I feel your concerns in this post and the other (regarding sacrifice) are well considered.
There are a few aspects I would like to address.
I think there are well founded processes identified that would allow allergies access to the brain. Obviously MS is a condition in which the immune system has access to brain tissue so the permeability is demonstrated by inference using this rationale.
Although I don’t have a link to the specific research, there is well documented occasions of people with celiac disease presenting with MRI detected lesions on the brain. CD is well identified as a physiological instance of hypersensitivity to gluten so one can infer that autoimmune diseases are a gradational spectrum at times and are not necessarily a unimodal condition of only one self tissue being assailed within one individual.
These studies demonstrate the relevance of dietary proteins in the MS (and type 1 diabetes) disease process and again, blended nature of autoimmunity.
In Children with Autoimmune Disease, Response Starts Early
Newswise - Children with neurological autoimmune diseases develop immune reactions to other targets in their bodies and in food early in their disease, according to research that will be presented at the American Academy of Neurology 58th Annual Meeting in San Diego, Calif., April 1 - 8, 2006.
T cells are the body's regulators of the immune response. Increased T cell proliferation is a characteristic of autoimmune disease, in which the immune system attacks body tissues.
However, it wasn't known whether this increased proliferation occurred early, or as a result of chronic autoimmunity, said lead researcher Brenda Banwell, MD, from the Department of Pediatric Neurology at the Hospital for Sick Children in Ontario, Canada.
The researchers studied 166 children: 63 with an autoimmune demyelinating syndrome (either multiple sclerosis or an isolated event of central nervous system autoimmunity), 43 with type I diabetes (also an autoimmune disease), 31 with a non-autoimmune neurological condition, and 30 healthy controls. They examined blood samples for T cell proliferation in response to exposure to a variety of antigens (targets), including myelin protein from nerve cells, proteins in the pancreas, and proteins in milk.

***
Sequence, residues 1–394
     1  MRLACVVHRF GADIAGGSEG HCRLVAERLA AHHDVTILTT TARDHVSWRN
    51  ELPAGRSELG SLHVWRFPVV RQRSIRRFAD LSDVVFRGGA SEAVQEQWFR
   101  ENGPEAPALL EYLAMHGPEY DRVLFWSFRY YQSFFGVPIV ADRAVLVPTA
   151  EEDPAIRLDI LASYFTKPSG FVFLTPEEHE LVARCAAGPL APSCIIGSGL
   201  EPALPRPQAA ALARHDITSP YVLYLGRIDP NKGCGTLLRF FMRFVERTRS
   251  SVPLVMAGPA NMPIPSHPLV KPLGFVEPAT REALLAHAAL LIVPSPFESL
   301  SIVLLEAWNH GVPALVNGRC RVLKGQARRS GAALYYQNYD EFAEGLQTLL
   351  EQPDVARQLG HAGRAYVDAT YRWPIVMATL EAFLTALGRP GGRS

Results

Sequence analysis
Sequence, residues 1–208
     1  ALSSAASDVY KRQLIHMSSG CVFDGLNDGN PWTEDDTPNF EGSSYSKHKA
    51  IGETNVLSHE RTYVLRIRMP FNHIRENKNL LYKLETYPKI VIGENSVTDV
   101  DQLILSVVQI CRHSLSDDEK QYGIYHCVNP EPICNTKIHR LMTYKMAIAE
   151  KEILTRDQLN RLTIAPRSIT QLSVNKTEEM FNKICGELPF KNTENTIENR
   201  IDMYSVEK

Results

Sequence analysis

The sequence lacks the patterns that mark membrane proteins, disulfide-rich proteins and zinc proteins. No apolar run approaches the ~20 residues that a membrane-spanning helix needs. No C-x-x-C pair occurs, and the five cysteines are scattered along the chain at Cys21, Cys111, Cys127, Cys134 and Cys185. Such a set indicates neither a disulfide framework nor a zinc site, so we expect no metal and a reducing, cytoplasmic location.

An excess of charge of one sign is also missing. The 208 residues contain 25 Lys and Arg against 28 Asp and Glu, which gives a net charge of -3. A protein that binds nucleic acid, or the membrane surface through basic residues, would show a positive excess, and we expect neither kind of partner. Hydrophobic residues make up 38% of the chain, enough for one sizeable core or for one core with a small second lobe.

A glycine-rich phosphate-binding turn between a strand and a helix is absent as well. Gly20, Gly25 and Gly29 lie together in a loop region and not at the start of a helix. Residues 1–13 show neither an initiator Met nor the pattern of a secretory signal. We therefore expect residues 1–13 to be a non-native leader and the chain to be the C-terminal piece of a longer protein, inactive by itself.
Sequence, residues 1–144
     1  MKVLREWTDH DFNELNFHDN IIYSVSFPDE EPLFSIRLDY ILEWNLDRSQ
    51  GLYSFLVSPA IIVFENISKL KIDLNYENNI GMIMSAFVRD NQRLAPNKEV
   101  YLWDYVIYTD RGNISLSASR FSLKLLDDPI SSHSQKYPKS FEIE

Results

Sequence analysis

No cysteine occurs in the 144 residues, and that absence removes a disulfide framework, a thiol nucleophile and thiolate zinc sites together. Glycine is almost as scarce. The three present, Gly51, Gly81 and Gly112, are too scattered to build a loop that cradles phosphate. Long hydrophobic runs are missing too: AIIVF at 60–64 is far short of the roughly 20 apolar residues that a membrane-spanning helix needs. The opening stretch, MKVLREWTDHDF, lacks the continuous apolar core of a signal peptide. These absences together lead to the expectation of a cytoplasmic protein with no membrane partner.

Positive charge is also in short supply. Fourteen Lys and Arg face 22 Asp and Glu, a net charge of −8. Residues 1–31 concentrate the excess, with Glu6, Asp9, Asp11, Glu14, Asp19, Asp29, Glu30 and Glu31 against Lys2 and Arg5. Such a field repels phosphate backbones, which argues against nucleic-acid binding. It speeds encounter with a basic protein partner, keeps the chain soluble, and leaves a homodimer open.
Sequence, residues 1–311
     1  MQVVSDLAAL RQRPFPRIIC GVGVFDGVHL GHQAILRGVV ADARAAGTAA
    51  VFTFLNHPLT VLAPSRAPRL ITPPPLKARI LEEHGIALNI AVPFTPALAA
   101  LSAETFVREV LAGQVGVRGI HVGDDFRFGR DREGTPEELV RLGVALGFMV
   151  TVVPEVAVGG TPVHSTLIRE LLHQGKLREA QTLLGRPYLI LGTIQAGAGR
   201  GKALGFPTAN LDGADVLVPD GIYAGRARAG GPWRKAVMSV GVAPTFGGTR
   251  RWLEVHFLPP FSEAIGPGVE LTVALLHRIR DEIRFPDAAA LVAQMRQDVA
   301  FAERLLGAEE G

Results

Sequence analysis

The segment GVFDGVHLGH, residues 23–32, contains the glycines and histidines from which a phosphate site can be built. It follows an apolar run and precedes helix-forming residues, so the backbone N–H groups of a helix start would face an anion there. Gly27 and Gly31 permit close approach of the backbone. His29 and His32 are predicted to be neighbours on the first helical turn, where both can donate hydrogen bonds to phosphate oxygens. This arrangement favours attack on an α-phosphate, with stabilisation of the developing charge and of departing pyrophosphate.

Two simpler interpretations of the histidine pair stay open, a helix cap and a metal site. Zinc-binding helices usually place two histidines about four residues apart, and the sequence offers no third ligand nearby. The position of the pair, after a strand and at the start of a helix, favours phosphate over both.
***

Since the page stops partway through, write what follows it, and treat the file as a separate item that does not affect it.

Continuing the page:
As expected, more children with central nervous system autoimmunity had T cell proliferation after exposure to myelin than control children (50 percent versus 10 percent). About a quarter of these children also showed a response to proinsulin, a T-cell target in type I diabetes. Over sixty percent also responded to a protein in milk. Ninety percent of the children with type I diabetes responded to pancreatic antigens as expected, but almost as many (79 percent) responded to myelin, and 90 percent responded to milk protein.
Even at the onset of their disease, children with autoimmune diseases harbor T cells that will react against proteins within their tissues, Banwell said. The responses seen against milk proteins raise the possibility that substances in food may be associated with autoimmunity.
The above article demonstrates that autoimmunity can begin early in life. It stands to reason that depending on the balance of causal elements and protective factors, symptoms arise either early or later in life but the disease progress begins early. This can be related to the fine article which formed the basis of this thread.
by Winer et al in 2001 that found striking similarities between IDDM and MS. In essence, the two diseases are, in a test tube, virtually identical. It’s only their final expression of what self tissue is attacked which differs.
It compliments the research by Guggenmos et al
by showing mimicry between self tissue and dietary proteins. It strongly implicates dairy as a causal element in MS and very strongly implicates dairy as a causal element in type 1 diabetes.
Your diet restrictions
Its plausible that you benign progression may well convince you that your dietary sacrifices are not worthwhile. While this might be the case at this stage in your life remember that MS is progressive as the neurological damage accumulates. Every person with MS has to consider if their therapy’s sacrifice is worth the prevention of further neurological damage. From personal experience prevention would have been much preferred to suffering the ravages of this disease.
I believe your benign status allows you these luxuries of contemplation but maybe you should focus more on the protective as aspects such as ample vitamin D and omega three fatty acids. Whether to diet or not might be a moot point for you anyway.
From what little I know of your disease pattern you appear ideally suited to
be able to effectively suppress the instigator side of the MS equation with ample immunosuppression.
Best of luck and keep up your good health